My Lords, there has been much discussion in your Lordships’ House and elsewhere about the implications of Brexit for everything from aviation, to our universities, to employment rates, and a whole range of aspects of public policy and legislation, but there has been little discussion and little profile so far of the impacts of Brexit on children and children’s rights. I want to address that issue this afternoon.
There are more than 500,000 children of EU nationals living in the United Kingdom and many more UK nationals’ children who will have a parent or relative living elsewhere in the European Union either temporarily or permanently, and, of course, there are other children who are EU nationals living elsewhere in the EU who have some family connection to British citizens. All these children are currently protected by legislation and policies at the European Union level on everything from the safety of toys to internet safety, child trafficking, family reunification rights, and many other aspects of the law.
In all these areas there is a very real danger that if the great repeal Bill is not enacted properly, with due attention to the position of children, both UK and other EU nationals, the children who are most vulnerable will fall through the safety net. It is critical when looking at the great repeal Bill and other aspects of implementation of this Brexit process that the Government are very clear in a number of areas. First, they should enact at all times the principle of acting in the best interests of the child whenever any aspect of the law affecting children is being considered, whether that is to transfer an existing EU law into British law or whether to ensure that the appropriate procedures are in place to protect children when their family relationships, for example, cross what will now be a border between the United Kingdom and the rest of the European Union.
Secondly, it is critical that child safety is protected by having appropriate arrangements with Europol, Eurojust and the other European agencies to make sure that arrangements that are currently in place to protect children who are vulnerable across the European Union continue after Brexit. Thirdly, it is critical that we are aware of the impact on child poverty initiatives that might come from reductions in European funding in certain communities across the United Kingdom. Fourthly—I hope this suggestion might ring true with the Secretary of State for Education, who had a good record on engaging with young people when she was Secretary of State for International Development—it would be very good in all this process, particularly given the way in which young people appear at least to approach the issue of Brexit, to give them a say in this process and to have them involved in the implementation of any new arrangements.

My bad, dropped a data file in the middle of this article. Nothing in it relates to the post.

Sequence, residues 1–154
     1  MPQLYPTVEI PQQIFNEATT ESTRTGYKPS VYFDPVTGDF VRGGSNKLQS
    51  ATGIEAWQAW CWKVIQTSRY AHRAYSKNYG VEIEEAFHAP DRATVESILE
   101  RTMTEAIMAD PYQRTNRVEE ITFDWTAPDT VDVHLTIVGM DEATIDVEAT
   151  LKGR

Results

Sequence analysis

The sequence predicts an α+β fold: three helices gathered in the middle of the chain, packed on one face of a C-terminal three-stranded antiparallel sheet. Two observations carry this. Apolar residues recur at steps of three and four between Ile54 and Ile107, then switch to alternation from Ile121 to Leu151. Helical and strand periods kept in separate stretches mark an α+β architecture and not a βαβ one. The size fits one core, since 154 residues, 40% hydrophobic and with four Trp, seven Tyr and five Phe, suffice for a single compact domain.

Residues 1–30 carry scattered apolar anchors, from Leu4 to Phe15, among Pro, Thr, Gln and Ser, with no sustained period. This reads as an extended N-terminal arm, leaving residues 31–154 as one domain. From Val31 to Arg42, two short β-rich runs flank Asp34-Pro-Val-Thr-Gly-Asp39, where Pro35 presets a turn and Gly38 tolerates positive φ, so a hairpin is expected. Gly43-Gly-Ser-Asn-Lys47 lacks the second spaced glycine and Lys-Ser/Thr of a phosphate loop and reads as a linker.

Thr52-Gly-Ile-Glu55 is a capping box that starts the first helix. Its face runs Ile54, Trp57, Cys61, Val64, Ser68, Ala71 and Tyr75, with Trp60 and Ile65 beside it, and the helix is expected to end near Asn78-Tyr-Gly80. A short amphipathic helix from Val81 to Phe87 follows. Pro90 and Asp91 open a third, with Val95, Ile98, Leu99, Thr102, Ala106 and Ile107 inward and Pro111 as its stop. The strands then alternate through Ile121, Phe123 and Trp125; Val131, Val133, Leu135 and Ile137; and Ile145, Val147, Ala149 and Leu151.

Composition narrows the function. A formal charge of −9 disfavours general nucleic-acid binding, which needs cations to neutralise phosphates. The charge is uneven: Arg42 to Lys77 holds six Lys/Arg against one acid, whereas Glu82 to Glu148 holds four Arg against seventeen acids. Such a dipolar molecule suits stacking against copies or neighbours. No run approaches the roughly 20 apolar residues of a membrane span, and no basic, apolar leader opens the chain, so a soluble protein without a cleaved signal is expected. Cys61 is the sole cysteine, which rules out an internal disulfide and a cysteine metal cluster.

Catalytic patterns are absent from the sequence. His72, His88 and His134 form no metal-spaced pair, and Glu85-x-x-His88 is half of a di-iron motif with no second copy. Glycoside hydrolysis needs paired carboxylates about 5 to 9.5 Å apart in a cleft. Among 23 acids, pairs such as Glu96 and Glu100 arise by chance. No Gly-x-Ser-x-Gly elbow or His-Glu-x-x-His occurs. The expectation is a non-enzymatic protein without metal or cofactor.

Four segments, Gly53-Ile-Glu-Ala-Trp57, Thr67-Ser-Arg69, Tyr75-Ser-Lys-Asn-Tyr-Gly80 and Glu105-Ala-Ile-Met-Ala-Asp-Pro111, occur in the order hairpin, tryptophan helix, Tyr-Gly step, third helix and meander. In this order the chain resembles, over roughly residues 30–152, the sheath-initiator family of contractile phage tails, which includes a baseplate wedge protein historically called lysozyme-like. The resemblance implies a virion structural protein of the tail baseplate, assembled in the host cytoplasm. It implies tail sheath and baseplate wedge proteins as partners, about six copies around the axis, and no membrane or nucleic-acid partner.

It is also important that we involve properly in this process the devolved Governments in Scotland, Wales and, I hope soon again, Northern Ireland. Each of those Governments and the Parliaments that they work with have specific legislative responsibilities for children and children’s rights within the framework of UK law and within the framework of UK government. In each of those Administrations there will be specific concerns about the great repeal Bill and the impact of Brexit on children and child protection. In this area, as I am sure is the case in many other areas, it will be vital to have open and transparent engagement with the devolved Governments to make sure that they can protect the children who come under their responsibility just as much as the UK Government can protect those children in England who come under their responsibility.
More generally, that has to ring true for the devolved Governments. I welcome the fact that the second independence referendum is off the agenda, at least for the foreseeable future. I also make a plea to the UK Government: while the stand-off between them and the Scottish Government may be relevant in a pre-election period and in the context of a debate about a second independence referendum, it should be set aside for the conduct of negotiations over Brexit and proper arrangements be put in place to engage with the devolved Governments. It is their responsibility, as well as the UK Government’s, to step up to the plate here. Those arrangements should operate in the same transparent way as the negotiations clearly will at the European Union level. If that is the case, the whole history of claim and counterclaim about who said what to whom and who is trying to disadvantage whom, which has been the relationship between the Scottish and UK Governments over the last 10 years, could be set aside. We could then see what each is proposing, the hard work that is going on, the conclusions that are reached and who is actually acting in the interests of the people of Scotland and of the rest of the United Kingdom.
In relation to children’s rights, to powers and to funding, an open, transparent engagement with the devolved Governments and Parliaments would benefit us all.